After veto, GOP lawmakers push ahead with business priority

BATON ROUGE, La. (AP) — Despite a veto from the governor, the Louisiana House plowed ahead Monday with a top priority for business lobbying groups, trying to lessen the money that people could win against insurance companies and businesses in car wreck lawsuits.

Democratic Gov. John Bel Edwards on Friday vetoed the Republican-pushed bill to make sweeping changes to Louisiana's civil litigation system, a proposal passed in the regular session that ended June 1.

Rather than try to override that veto, the House on Monday passed two new, rewritten bills aimed at the same “tort reform” goal of lessening successful civil lawsuits in car accidents or shrinking the damages awarded.

One measure, sponsored by Republican Rep. Ray Garofalo, was sent to the Senate with a 74-25 vote. A second proposal, sponsored by GOP House Speaker Clay Schexnayde r, headed to the Senate with a 78-22 vote.

Supporters say a Louisiana legal environment that encourages lawsuits with promises of big payouts is damaging existing business in the state and making it harder to draw new industry.

“Gov. Edwards vetoed a crucial tort reform bill during the regular session, but we’re not giving up," Dawn Starns, Louisiana state director for the National Federation of Independent Business, said in a statement.

She added: “The cost of defending itself against just one frivolous lawsuit could be enough to drive a small business out of business, even if the small business wins at trial or the case is eventually thrown out of court.”

Bill proponents have pitched the civil litigation system changes as a way to lower Louisiana's insurance costs, which are the nation's second-highest, by making it less lucrative to sue over car accidents.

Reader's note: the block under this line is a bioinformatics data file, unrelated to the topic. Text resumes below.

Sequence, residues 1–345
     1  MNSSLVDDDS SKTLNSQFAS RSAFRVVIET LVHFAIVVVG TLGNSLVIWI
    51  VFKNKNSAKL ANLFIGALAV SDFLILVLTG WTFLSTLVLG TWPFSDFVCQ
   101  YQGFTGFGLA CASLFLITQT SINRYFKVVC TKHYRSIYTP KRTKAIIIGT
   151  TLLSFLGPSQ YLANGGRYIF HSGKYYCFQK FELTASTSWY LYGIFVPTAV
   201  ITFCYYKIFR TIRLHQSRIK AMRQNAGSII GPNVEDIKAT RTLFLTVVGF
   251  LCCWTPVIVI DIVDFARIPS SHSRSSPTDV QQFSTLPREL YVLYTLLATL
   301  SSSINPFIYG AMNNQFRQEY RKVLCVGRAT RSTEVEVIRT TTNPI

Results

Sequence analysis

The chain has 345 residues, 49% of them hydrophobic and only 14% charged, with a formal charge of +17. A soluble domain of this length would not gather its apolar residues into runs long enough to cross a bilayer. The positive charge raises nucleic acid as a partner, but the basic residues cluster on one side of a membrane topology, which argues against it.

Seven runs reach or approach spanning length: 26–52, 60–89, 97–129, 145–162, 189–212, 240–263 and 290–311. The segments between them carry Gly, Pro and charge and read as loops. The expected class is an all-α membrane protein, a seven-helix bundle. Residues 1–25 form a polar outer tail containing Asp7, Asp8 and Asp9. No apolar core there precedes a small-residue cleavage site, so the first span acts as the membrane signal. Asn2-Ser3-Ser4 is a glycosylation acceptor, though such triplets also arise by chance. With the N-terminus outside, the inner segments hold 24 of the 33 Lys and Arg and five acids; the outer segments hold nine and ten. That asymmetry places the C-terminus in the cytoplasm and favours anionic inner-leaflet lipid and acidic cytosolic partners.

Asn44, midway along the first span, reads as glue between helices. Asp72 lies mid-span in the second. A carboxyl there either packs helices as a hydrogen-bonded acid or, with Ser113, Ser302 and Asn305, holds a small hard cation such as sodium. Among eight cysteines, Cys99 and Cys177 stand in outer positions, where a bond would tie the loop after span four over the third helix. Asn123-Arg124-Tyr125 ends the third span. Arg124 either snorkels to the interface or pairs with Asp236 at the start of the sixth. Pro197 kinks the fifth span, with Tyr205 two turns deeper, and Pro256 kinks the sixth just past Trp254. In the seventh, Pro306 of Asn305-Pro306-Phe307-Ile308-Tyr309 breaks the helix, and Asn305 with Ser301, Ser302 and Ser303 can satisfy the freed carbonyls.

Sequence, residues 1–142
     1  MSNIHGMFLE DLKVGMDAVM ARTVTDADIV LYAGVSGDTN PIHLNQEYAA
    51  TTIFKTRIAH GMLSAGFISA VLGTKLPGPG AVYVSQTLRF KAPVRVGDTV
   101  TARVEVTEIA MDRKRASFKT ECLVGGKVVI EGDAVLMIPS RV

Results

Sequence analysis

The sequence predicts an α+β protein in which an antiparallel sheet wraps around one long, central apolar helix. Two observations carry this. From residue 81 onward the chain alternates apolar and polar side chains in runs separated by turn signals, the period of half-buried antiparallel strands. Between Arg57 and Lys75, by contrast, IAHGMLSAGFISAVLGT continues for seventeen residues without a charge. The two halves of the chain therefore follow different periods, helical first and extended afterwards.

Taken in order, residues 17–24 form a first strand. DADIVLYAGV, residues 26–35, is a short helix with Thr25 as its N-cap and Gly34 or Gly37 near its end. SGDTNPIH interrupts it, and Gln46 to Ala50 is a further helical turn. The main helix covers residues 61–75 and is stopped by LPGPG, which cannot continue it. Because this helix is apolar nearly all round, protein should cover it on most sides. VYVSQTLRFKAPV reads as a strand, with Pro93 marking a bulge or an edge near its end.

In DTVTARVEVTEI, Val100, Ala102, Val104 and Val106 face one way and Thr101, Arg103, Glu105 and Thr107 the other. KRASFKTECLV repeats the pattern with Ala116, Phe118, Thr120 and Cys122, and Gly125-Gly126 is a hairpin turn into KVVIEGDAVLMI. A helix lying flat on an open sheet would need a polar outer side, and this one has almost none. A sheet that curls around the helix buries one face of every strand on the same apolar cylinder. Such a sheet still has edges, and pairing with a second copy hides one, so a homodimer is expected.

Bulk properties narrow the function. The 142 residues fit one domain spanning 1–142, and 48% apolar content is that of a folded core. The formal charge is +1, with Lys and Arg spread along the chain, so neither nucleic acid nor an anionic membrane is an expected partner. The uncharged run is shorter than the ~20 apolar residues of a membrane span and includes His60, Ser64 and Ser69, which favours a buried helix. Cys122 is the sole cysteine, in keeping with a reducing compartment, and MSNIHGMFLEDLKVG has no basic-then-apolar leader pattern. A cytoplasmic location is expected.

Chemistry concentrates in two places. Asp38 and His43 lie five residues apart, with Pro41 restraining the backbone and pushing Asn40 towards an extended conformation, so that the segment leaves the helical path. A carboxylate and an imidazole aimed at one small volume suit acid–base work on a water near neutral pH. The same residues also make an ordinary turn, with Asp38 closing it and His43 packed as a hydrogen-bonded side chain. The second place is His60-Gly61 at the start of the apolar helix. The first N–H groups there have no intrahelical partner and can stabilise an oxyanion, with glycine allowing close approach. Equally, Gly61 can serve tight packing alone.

But Edwards noted the bill he vetoed by Republican Sen. Kirk Talbot didn’t contain a commitment that it would lower insurance rates. Opponents of the revised bills passed Monday, largely Democrats, repeated that point.

“We are lying to our constituents by saying we will lower insurance rates by passing this legislation,” said Rep. Mandie Landry, a New Orleans Democrat.

They've also said the measure would keep people from getting money needed to cover their medical bills and could increase costs for courts.

“This ain't even putting lipstick on the pig. This is a pig from the beginning,” Rep. Robby Carter, a Democrat from Greensburg, said in objecting to Garofalo's bill.

Republicans — who knew they had the votes to pass the measures — didn't take questions about the bills or offer speeches about them Monday.

Edwards said he's willing to continue negotiations, but bill backers worry the governor won’t sign any version because his allies and campaign contributors include personal injury lawyers.

The civil litigation changes sought by business groups and spread across multiple bills would:

—Force jury trials more frequently, so that lawyers would have to argue damage claims to more people than a single judge;

—Allow information about whether someone was wearing a seatbelt as evidence in litigation;

—Cap certain damages that can be awarded;

—Limit when insurance companies can be sued directly;

—Increase the time accident victims can file lawsuits to give more time for settlement negotiations.

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House Bills 44 and 57: www.legis.la.gov

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